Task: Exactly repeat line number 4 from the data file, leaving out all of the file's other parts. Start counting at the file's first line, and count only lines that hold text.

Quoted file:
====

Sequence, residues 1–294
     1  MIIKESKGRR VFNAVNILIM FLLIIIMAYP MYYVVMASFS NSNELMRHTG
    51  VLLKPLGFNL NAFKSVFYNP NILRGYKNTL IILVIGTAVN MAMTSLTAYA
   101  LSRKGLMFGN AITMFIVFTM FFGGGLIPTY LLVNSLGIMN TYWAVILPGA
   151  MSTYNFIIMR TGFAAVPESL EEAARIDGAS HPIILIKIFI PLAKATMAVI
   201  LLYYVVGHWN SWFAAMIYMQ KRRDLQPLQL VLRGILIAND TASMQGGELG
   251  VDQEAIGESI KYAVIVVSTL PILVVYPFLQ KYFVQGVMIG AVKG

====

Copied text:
   101  LSRKGLMFGN AITMFIVFTM FFGGGLIPTY LLVNSLGIMN TYWAVILPGA